Remember Calauit? The new Imelda docu takes us back to one of the Marcoses’ absurd legacies 2
A scene from the Showtime docu The Kingmaker: In the 70s, the Marcoses shipped animals from Kenya to the Philippines. Screengrab from the documentary.
Culture

Remember Calauit? The new Imelda docu takes us back to one of the Marcoses’ absurd legacies

“The Kingmaker” began as an exploration of one of Imelda Marcos’s most absurd flexing of power and penchant for excess—the safari of Calauit island. The film's director Lauren Greenfield says the First Lady's famous shoe collection is no match to this Palawan fantasy made real. 
Jam Pascual | Jan 31 2020

There’s a certain stereotype of the former First Lady Imelda Marcos that still persists—that of someone ditzy, vain, and politically passive; an oblivious beauty queen who could buy all the shoes she wanted because her hubby was pillaging the nation’s coffers.

In truth, Imelda Marcos is and always has been a formidable political force. She has been instrumental in restoring her family to power and scrubbing clean the atrocious sins of her husband Ferdinand dictatorship. And while many texts that have come before have made this point (see: The Conjugal Dictatorship by Primitivo Mijares) this is the message of The Kingmaker, the Showtime documentary directed by Lauren Greenfield.

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Remember Calauit? The new Imelda docu takes us back to one of the Marcoses’ absurd legacies 3
Among her souvenirs: Imelda redefined excess, as can be gleaned from The Kingmaker.

As a whole, the documentary is a portrait of a corrupt government, and how its machinery is mostly puppeteered by one powerful family and its singular matriarch, a self-styled mother of the nation. But the movie also highlights one of Imelda’s absurdest projects, as Greenfield mentions in her The Filipino Channel interview with Ginger Conejero. “This film came about when I read an article about a little know legacy of hers—certainly little known in the United States—which is Calauit, this animal island, where she depopulated an island of its indigenous people, and brought in animals from Africa on a boat.”

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In the 1970s, Ferdinand and Imelda Marcos visited Kenya for a safari tour, as people in power do. Taken by the beauty of these animals (and perhaps by envy, seeing something beautiful that she did not own), Imelda sought to take giraffes, zebras, impala, wild boar, and gazelles to the Philippines. Ferdinand presented David Anthony Parkinson, an Englishman in the business of transferring African animals to zoos, with a briefcase full of money to make this happen. These animals were captured, packed into boxes, and shipped across the world on a whim.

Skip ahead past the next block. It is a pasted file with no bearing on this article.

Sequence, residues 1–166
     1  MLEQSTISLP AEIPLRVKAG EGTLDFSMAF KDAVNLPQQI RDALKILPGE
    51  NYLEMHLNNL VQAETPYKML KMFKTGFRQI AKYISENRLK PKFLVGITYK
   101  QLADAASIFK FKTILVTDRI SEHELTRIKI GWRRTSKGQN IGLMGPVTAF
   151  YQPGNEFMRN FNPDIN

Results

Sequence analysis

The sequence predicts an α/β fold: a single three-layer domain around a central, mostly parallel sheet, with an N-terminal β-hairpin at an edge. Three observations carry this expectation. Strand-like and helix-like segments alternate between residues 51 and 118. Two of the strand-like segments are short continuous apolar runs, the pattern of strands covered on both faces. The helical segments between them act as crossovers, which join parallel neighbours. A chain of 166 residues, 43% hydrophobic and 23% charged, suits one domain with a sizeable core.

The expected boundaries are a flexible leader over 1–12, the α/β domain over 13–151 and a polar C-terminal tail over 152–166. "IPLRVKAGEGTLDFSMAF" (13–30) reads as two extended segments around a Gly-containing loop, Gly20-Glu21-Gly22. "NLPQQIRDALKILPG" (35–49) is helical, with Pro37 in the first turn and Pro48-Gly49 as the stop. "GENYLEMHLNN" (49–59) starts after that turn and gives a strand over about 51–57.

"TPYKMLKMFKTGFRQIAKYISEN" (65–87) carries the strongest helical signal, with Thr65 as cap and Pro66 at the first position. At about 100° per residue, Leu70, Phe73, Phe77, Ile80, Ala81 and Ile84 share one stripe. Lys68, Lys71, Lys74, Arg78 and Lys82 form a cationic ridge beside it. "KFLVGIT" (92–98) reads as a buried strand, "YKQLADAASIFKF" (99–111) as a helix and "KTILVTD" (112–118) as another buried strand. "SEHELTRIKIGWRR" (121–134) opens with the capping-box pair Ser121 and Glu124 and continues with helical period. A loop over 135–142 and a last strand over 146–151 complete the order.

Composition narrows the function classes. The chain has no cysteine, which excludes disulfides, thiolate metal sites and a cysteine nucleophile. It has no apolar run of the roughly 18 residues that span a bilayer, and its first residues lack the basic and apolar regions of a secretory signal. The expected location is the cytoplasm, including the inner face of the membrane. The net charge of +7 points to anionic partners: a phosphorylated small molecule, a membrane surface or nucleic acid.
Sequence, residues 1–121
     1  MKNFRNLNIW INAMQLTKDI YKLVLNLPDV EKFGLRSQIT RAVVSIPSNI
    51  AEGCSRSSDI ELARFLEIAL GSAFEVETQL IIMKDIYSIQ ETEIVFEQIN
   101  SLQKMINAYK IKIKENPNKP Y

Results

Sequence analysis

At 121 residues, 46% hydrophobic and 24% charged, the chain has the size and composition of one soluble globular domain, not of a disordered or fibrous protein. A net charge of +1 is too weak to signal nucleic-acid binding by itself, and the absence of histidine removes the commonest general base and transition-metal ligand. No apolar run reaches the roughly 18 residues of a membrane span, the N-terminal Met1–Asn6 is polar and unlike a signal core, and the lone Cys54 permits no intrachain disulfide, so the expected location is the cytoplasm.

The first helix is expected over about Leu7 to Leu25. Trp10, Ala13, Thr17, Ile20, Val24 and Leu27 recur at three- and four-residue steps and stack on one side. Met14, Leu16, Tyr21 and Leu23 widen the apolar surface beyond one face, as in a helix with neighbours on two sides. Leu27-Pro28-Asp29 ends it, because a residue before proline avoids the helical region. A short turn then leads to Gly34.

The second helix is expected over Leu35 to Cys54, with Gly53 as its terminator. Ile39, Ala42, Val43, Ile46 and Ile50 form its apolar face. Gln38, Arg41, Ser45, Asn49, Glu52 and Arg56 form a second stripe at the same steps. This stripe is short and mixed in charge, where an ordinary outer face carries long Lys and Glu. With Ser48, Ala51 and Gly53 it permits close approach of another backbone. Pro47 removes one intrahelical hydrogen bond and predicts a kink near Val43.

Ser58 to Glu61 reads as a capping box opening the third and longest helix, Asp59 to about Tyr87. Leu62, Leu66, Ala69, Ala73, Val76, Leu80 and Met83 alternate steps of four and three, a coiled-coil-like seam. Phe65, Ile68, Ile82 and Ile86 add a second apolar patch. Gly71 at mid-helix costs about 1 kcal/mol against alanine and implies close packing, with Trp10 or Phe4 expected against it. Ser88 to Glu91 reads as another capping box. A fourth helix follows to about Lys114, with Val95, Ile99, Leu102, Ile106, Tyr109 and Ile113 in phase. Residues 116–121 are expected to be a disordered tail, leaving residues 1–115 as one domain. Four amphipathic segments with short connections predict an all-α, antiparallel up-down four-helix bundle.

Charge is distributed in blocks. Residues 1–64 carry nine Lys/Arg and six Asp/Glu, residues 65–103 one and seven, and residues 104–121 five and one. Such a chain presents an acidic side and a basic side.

Lacking sufficient facilities literally anywhere in the country to house these animals, Imelda—on the kind of impulse felt only by the obscenely wealthy—handpicked an island to be her own literal safari. She picked Calauit island, in the province of Palawan, mostly inhabited by the Tagbanwa people. So in 1976, the Marcoses forcefully displaced around 254 families, casting them off to Halsey Island, a former leper colony.

Remember Calauit? The new Imelda docu takes us back to one of the Marcoses’ absurd legacies 4
A scene from The Kingmaker.

According to Greenfield, from the same interview, “By the time I got there to film, there were four generations of inbreeding [among the animals], and the island had lost most of its resources after the Marcoses had went into exile.” Natives who have tried to resettle into their home have had to deal with invasive animals messing with the island’s ecosystem and eating their crops. A few times, Bongbong Marcos has visited the island to hunt wild boar.

“For me, this was such an interesting, symbolic, and also egregious extravagance,” Greenfield says. “The shoes were kind of nothing compared to this project which involved living things and human rights, and what ended up being decades of damage from one impulsive idea.” Transplanting exotic animals into a Philippine island and displacing its indigenous communities in the process, all to craft a personal piece of Kenya, is indeed a truly Imeldific feat.

Remember Calauit? The new Imelda docu takes us back to one of the Marcoses’ absurd legacies 5
The Calauit Safari Park still exists today. Photograph by Paulo Ordoveza on Wikimedia Commons

The footage is wild to see when you get to that part of the movie. Exotic, antlered fauna gallop on ground they were not born to, as a forgotten people tell the story of their trauma.

Considering the work the Marcos family has undertaken to revise its legacy, it isn’t surprising that Calauit island doesn’t appear in our textbooks, to be discussed in our history classes. I certainly have never learned about it until The Kingmaker. It sounds more like a bit from Ripley’s Believe It Or Not, or a scene from a cartoon.

Remember Calauit? The new Imelda docu takes us back to one of the Marcoses’ absurd legacies 6
Not just a metaphor. Photograph by Paulo Ordoveza on Wikimedia Commons

Greenfield set out at first to talk about just Calauit island for a documentary, but she ultimately decided to treat the safari as a metaphor—for inbreeding in a political system that worships clans and heirs; for how obscene wealth disguises the violence it produces as acts of love; and for the former First Lady herself, an extravagant sum of expenses that, disguised as an act of paradise-making, continues to screw the people over decades later. There could not be a more apt metaphor. Except it isn’t just a metaphor. 

Because for all the deceptions Imelda tries to peddle in her interviews in The Kingmaker—she herself chillingly claims “Perception is real, truth is not”—this island is real. The money she spent was real. And the aftereffects of her reign, all too real, still burden us today.